Somehow I got involved in a group of people where being different was not OK…took me two years, but finally realized they made me miserable, and i went back to being true to myself. These writings are great to remind us every once in a while that we are good people, and when we get stuck in a rut, we need to get out for our own happiness. Thanks again Julien!

  11. industrialmom Avatar

    Julien, I always read your posts on my iPhone, and it is somewhat like having this little conversation with you. Your posts are always very personal, and push toward introspect.

    The difficulty I find, is that if you fall into the ‘visionary’ category, you are good. People respect you because you have risen above and beyond those people’s own expectations, so they are ok with your success. But if you fall into the ‘ambitious’ category, sometimes its hard to keep swatting off the naysayers and people who just want to keep you down at their level. I push myself pretty hard, because, well, I got older and smarter and when I was younger I didn’t get all that, so I’m making up for lost time. It’s the people that are unhappy with their own lack of fulfillment that have to say something negative to align themselves with your ambitions. Those are the people that get me down; their comments always make it back to you, somehow, through someone, who just felt like you needed to know. On the good days, it’s fine and I can just blow by these people, but on the not-so-good days, they really get in my head, and I hold up, so that I’m not too far ahead making others look bad. You know?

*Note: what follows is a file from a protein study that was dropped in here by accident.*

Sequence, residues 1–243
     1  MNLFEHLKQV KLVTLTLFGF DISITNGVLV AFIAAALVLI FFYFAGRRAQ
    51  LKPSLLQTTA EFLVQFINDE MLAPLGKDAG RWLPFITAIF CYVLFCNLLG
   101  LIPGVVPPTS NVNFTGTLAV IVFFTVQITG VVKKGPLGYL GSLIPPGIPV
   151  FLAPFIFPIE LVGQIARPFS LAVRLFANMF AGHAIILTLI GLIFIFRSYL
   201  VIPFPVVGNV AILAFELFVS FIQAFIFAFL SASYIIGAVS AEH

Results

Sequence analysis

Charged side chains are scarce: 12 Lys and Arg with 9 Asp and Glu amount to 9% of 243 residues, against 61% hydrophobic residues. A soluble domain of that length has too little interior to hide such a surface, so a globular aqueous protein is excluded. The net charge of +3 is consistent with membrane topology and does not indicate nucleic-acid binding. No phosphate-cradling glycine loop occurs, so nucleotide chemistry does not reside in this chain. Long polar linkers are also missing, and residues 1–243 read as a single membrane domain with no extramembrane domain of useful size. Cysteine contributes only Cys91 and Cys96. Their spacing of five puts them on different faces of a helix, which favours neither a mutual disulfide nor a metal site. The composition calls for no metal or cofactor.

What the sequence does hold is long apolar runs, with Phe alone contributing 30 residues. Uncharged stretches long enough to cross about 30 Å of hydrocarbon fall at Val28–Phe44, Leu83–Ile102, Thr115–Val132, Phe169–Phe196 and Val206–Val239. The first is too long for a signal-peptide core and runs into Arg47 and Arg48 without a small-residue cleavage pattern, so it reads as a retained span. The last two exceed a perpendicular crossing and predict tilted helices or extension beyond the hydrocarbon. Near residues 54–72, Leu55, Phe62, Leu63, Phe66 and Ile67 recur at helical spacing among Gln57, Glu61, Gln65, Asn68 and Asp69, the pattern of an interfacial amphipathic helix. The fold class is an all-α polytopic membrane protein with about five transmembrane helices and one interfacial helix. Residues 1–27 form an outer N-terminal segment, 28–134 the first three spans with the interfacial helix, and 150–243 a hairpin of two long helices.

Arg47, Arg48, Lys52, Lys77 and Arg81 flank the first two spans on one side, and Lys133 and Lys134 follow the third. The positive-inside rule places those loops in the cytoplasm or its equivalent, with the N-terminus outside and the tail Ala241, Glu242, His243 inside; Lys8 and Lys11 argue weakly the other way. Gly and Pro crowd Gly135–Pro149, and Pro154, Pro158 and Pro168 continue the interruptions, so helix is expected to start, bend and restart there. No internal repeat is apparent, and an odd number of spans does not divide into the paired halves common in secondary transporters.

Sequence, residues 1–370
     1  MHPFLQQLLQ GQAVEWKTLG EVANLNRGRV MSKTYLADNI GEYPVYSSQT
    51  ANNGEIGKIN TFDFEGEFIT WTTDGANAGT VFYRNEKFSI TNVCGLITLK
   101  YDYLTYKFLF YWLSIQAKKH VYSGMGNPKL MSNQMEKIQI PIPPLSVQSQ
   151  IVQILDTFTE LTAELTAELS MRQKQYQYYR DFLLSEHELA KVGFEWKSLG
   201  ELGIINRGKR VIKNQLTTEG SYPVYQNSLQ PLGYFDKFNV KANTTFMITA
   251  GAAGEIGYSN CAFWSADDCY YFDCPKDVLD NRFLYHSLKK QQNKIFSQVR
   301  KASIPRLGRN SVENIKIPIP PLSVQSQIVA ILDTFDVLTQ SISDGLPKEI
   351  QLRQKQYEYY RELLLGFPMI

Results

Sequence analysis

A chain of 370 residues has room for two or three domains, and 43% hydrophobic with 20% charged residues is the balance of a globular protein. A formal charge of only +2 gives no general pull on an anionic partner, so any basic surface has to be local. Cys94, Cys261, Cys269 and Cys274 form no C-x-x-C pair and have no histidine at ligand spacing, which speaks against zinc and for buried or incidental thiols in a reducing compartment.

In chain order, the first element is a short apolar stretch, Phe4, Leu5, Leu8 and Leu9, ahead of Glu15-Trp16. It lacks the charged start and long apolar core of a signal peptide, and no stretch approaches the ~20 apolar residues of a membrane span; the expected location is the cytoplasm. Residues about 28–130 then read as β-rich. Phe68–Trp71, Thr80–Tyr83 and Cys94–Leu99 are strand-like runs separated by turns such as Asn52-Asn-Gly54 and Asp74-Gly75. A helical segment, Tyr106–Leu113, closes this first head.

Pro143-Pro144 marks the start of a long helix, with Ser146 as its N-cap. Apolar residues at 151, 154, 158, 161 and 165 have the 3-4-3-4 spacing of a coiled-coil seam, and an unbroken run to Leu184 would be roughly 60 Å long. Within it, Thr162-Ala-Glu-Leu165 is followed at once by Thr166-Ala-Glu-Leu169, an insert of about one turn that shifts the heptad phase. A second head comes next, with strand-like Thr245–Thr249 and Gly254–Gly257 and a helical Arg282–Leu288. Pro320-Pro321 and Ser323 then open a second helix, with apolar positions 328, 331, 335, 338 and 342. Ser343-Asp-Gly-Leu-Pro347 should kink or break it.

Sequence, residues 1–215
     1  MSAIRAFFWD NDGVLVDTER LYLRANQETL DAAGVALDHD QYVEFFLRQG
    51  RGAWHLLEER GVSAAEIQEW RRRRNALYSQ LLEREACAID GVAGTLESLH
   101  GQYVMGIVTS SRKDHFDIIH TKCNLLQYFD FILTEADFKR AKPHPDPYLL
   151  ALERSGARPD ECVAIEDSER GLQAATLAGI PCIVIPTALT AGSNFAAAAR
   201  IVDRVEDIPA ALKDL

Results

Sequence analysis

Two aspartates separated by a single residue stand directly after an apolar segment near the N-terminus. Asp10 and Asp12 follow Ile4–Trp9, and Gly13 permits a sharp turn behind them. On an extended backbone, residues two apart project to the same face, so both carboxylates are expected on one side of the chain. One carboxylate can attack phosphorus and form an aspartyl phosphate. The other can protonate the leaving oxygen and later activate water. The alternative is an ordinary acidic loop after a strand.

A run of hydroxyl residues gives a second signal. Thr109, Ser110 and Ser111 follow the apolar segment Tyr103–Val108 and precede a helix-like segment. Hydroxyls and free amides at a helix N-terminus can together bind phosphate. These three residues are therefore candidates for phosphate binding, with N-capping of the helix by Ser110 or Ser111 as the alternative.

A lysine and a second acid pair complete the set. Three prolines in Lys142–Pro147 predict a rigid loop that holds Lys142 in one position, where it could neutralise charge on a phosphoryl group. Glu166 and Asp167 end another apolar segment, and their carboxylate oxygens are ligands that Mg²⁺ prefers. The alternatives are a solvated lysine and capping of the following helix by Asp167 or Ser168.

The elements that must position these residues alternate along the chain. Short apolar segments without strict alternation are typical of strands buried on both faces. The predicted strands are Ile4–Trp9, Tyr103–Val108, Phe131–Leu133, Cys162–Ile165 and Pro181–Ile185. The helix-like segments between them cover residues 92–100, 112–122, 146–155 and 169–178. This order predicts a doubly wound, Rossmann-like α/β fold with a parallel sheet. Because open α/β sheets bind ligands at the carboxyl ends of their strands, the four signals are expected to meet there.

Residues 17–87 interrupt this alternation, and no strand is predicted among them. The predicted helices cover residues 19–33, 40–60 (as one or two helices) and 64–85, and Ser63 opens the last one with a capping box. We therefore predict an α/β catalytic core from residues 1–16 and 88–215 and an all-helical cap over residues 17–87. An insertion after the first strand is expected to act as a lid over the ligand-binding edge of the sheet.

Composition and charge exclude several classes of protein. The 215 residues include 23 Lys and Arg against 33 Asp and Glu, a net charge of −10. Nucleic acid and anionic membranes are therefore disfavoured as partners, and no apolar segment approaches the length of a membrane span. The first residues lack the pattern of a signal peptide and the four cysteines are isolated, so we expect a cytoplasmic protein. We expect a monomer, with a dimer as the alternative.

Anyway, thanks for making me feel like someone out there gets what’s going on in my head.

  12. nick Avatar

    I always wonder, who’s really got their shit together in this crazy ass world. And the thing is, you can really totally feel it when someone’s telling the truth and not doing something stupid, trying to con you, or fool you. Glad I stumbled onto this blog, yeah yeah,